A teacher has shared the heart-breaking reason she signed up to become a volunteer for the air ambulance - as the charity gets ready to mark its 25th anniversary.

Sarah Horne, who teaches at Blackburn College, has volunteered since her husband, Russell, was killed in a car crash in 2006.

The bus driver, 64, was behind the wheel of a Lancashire United X40 service from Manchester to Great Harwood when he crashed with an articulated lorry on the A56 near Edenfield.

Russell was treated and taken to Royal Preston Hospital by North West Air Ambulance following the crash but died around three hours later. 

Sarah Horne volunteering for the North West Air Ambulance charitySarah Horne volunteering for the North West Air Ambulance charity (Image: NWAA)

Five years after the incident, Sarah began volunteering for the charity due to its importance to her and her family.

She said: “For us, the whole family, the fact that the air ambulance was there and picked him up so quickly, he was still conscious when they arrived, he would have known they were there, he would have known that and felt safe.

“The North West Air Ambulance Charity is incredibly important because it’s very comforting to know that he had the best people with him and that he got the best medical attention as soon as possible.”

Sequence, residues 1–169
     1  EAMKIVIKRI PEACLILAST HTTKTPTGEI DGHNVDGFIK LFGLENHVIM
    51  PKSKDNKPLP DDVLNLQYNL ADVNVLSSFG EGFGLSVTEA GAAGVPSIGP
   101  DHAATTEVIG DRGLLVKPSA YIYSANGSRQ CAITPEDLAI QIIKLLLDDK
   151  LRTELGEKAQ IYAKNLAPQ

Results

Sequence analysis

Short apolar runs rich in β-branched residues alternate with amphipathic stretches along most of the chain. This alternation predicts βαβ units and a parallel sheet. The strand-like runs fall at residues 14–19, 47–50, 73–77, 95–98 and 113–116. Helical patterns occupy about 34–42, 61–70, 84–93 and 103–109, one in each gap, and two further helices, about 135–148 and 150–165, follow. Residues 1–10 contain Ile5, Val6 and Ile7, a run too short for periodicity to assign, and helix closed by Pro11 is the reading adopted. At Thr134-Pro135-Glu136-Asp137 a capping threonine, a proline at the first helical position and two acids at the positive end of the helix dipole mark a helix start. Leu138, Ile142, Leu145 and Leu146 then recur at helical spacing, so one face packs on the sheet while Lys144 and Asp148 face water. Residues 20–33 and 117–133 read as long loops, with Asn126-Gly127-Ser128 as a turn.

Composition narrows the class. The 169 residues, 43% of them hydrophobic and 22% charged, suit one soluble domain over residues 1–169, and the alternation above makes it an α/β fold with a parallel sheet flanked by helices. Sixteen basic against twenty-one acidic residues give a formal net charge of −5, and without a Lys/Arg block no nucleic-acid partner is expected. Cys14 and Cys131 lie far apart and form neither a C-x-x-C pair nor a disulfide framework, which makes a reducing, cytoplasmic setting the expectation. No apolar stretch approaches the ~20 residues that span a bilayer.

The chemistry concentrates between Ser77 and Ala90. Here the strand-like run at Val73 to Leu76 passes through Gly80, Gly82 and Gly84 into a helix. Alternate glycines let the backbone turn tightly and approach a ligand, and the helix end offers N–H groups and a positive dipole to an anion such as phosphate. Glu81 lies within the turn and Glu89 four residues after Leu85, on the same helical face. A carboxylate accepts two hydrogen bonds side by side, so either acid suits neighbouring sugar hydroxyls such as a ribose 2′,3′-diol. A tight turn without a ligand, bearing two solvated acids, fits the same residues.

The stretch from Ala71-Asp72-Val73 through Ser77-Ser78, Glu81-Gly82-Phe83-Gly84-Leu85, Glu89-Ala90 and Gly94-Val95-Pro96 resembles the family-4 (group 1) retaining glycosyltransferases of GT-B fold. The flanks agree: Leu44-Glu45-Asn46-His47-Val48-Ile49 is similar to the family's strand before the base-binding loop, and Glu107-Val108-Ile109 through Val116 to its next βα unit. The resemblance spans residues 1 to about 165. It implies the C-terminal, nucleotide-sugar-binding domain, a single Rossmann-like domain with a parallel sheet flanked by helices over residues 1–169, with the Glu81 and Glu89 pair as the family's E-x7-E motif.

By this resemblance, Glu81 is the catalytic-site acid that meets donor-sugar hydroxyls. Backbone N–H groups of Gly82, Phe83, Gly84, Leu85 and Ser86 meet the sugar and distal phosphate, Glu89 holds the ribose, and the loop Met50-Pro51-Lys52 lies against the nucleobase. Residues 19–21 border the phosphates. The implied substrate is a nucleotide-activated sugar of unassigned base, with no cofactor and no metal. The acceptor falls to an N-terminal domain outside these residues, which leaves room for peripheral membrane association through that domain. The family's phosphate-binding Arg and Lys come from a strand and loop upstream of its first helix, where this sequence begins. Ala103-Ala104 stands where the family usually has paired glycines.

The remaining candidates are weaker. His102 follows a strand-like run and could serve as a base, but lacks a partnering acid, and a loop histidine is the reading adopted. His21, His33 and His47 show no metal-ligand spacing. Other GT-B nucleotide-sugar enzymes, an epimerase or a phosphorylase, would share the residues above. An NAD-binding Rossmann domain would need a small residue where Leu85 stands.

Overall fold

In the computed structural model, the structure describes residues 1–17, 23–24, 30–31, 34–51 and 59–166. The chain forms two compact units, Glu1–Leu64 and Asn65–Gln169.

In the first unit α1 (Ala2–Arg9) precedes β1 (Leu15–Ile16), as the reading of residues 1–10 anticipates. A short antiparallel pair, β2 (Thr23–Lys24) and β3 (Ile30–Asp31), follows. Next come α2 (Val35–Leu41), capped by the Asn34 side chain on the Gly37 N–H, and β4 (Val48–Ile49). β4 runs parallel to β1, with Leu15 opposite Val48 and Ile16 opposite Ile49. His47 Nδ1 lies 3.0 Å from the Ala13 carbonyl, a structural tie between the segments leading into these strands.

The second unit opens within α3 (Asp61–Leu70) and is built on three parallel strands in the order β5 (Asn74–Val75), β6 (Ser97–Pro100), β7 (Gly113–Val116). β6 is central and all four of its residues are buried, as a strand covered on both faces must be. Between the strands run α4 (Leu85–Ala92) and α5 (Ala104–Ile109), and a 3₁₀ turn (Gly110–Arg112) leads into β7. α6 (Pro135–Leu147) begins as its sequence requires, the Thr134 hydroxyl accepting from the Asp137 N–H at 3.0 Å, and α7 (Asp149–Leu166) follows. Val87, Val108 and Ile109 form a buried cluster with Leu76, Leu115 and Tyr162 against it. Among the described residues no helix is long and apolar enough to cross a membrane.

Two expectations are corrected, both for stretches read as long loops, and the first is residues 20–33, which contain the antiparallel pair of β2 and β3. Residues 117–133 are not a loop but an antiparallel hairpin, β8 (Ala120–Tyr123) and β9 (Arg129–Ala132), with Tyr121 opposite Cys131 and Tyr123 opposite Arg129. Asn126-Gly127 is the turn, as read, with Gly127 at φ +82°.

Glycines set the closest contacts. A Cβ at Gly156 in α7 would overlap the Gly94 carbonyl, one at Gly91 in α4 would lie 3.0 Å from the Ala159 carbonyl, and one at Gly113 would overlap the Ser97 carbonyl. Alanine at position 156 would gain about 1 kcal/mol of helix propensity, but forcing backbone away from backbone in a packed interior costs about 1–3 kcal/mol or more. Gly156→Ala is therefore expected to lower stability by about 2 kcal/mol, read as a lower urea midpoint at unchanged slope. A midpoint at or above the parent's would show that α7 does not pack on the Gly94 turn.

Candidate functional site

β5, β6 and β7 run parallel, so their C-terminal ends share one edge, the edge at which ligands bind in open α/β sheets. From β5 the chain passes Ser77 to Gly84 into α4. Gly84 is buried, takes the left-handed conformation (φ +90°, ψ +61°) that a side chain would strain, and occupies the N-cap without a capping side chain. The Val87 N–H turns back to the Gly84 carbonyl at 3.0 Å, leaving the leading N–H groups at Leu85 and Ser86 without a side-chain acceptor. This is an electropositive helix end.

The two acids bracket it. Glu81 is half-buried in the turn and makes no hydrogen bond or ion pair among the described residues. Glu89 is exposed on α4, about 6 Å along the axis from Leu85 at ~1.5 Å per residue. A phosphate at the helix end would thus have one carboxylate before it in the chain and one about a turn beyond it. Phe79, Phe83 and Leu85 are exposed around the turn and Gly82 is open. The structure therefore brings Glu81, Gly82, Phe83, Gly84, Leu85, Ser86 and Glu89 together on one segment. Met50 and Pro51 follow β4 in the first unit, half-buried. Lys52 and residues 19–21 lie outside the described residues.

In her teaching role, Sarah spent a lot of time talking to groups as a volunteer and she has been able to do perform that role which complements and utilises her skills from her working life.

She added: “I volunteer in honour of my husband. He was killed six months before retirement and hasn’t had a retirement.

“I’m glad to spend my retirement usefully, supporting something as a family we feel is important.

“I’ve had so much fun. I would recommend it to anybody else. It’s been a wonderful experience over the years.

Sarah has volunteered for the charity since 2011Sarah has volunteered for the charity since 2011 (Image: NWAA)

“Nobody wakes up in the morning thinking I fancy a ride in a helicopter today. Nobody knows that they might need their service. NWAA provides this lifesaving service every day of the year for everybody, and I think that means everybody has a responsibility to support the charity, to keep it going, because you don’t know when you might need it.”

Helen Doward, head of volunteer engagement at the charity said: “Volunteers like Sarah help save lives every day. Sarah has touched so many people's lives by sharing her story, she has inspired new donors, new volunteers and new supporters over many years, and we are incredibly humbled by her dedication. 

 “At NWAA, more than  500 volunteers, just like Sarah, help us generate essential funds for our charity. By sharing their skills and giving us the gift of their time, they truly make a lifesaving difference.”